"Grand Baton" is the latest project of french, native Caribbean, guitarist composer and singer Jean-Christophe Maillard (aka Mbutu), well known for his work in Gwoka music (traditionnal drum music from Guadeloupe); it is a powerful fusion of this heritage with rock music.
For the first time, electric overdriven guitars are combined with the mighty goat skin "slave drum" known as "Ka" for a steady ethno-rooted-pop rock with unusual rythms and melodic lines... the "Rude Ka" music is born.
Mike Keneally (Frank Zappa...): "Damn, "File" sounds fantastic. Congratulations, great stuff here!"
Lyle Workman (Sting, Alice Cooper...): "every now and again, I'll find music that is really cool - this is one of those times. Great music!!"
Ronan Chris Murphy (King Crimson...): "Wow! Very cool music!... I mean..c'est tres cool!!"
Marco Migliari (Peter Gabriel, Deep Purple...): "Bloody great work! I really like it, great playing and I like the album concept. Very, very interesting, and different, too."
Metal Express Radio: "Maillard can be considered as a pioneer regarding this combination of various genres... (his) music brings out the best from his world and the Rock world... (his) purpose in his composing is brilliant and he has a lot to give to the music industry."
Progressive Ears: "Groundbreaking…It is a truly unique and captivating style of music...an impressive new force in the world music scene that has received warm accolades from many well-respected members of the musical community."
Sea Of Tranquility: "The drums, combined with electric guitar and the strong, often-falsetto voice of Jean-Christophe Maillard deliver a universal message...a rhythmic sensibility that will rattle your ears and shake your brain... King Crimson gone tribal, or a more kinetic Peter Gabriel, or maybe a less frenetic System of a Down.
Rockserbia: "A well-experienced musician and author... there's no doubt that he deserve only respect for his author's work and evident original views... could be a one of most original product released during the previous year."
Ectagon (Norway): "Mbutu's music is strong and energetic, with catcy melody lines... makes this album grow from the first time you put it on. Recommended."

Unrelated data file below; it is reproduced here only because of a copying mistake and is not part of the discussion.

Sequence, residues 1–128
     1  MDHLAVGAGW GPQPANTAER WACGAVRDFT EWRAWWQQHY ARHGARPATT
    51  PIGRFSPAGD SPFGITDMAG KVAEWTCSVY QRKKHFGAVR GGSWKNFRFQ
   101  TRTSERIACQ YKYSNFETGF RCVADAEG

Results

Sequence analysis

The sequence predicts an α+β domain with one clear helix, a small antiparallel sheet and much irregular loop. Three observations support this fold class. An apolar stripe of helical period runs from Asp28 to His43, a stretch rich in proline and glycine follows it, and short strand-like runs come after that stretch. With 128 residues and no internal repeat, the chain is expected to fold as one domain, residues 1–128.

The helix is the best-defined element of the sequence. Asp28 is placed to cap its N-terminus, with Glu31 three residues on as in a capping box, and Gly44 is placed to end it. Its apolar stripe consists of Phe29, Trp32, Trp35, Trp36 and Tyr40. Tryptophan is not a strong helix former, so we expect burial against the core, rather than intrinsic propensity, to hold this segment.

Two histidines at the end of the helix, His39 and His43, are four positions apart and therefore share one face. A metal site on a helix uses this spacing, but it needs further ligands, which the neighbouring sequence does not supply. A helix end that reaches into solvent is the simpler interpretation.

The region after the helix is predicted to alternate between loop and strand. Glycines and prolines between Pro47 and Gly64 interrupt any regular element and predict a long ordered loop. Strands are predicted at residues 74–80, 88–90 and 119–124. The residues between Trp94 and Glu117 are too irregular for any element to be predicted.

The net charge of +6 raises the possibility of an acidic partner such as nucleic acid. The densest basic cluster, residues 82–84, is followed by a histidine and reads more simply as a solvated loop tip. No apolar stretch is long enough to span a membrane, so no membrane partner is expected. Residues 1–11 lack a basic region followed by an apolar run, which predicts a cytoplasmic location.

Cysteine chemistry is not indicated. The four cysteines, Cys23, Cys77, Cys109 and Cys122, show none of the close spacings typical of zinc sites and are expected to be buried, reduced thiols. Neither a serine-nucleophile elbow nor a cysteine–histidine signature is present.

Proggnosis: "Le Grand Baton is an excellent album to seek out for listeners of "World music" with a rock edge."
Progressive Rock & Metal (Brazil): "Highly recommendable... a collection of musical contrasts, characterized by ambitious lyrical themes."
Progressor (Uzbekistan): "The compositions get more and more fascinating as one adjusts to this rather unique stylistic expression... worthwhile investigating for liberal-minded followers of rock music that feel a variety of styles, moods and genres is a treat."
With songs ranging from 3 to 8 minutes, one would say this is world-pop music (listening to the carnival percussion ensemble in the song "Filé",similar to Brazilian drums occasionally featured in Michael Jackson, Paul Simon, Peter Gabriel, Milton Nascimento's songs) or a progressive rock experiment (in the spirit of King Crimson, Yes... talking about the freedom of expression of a song like "Toutlè Dépi Dé Jou" with its electro style intro "Dé Jou Avan").
Songs are written mostly in Creole language.
The Gwoka music:
Initially permitted because it sustained the morale of the slaves, then forbidden because it allowed them to assemble and encouraged a revolutionary spirit, the Ka drum was long a representation of degrading slave conditions – a shameful scar to be hidden. It is perhaps for this reason that it has now been reclaimed as a symbol of the identity and the independence of a people. In the 70s, the Ka drum was as much weapon, of speech and of song, as were the bombs at the time. Now rescued from history, its seven rhythms, with no polyrhythmic form, are what remains of the long journey from Africa.
Rock in the Caribbean:
It had to happen here - because of the unique geography of the Caribbean, under the direct influence of the colonizers’ metropolitan centers and their urban culture, and with the United States next door. These rebel and rural territories, fertilized by a rich blend of ethnicities, have given birth to many major musical styles and rhythmic pulses, each proving that mixing does not mean losing identity. Like the elders who adapted traditional European ballroom dance to their instincts, creating the Biguine, the Plena, the Son, so will the Carribean have its way with Rock.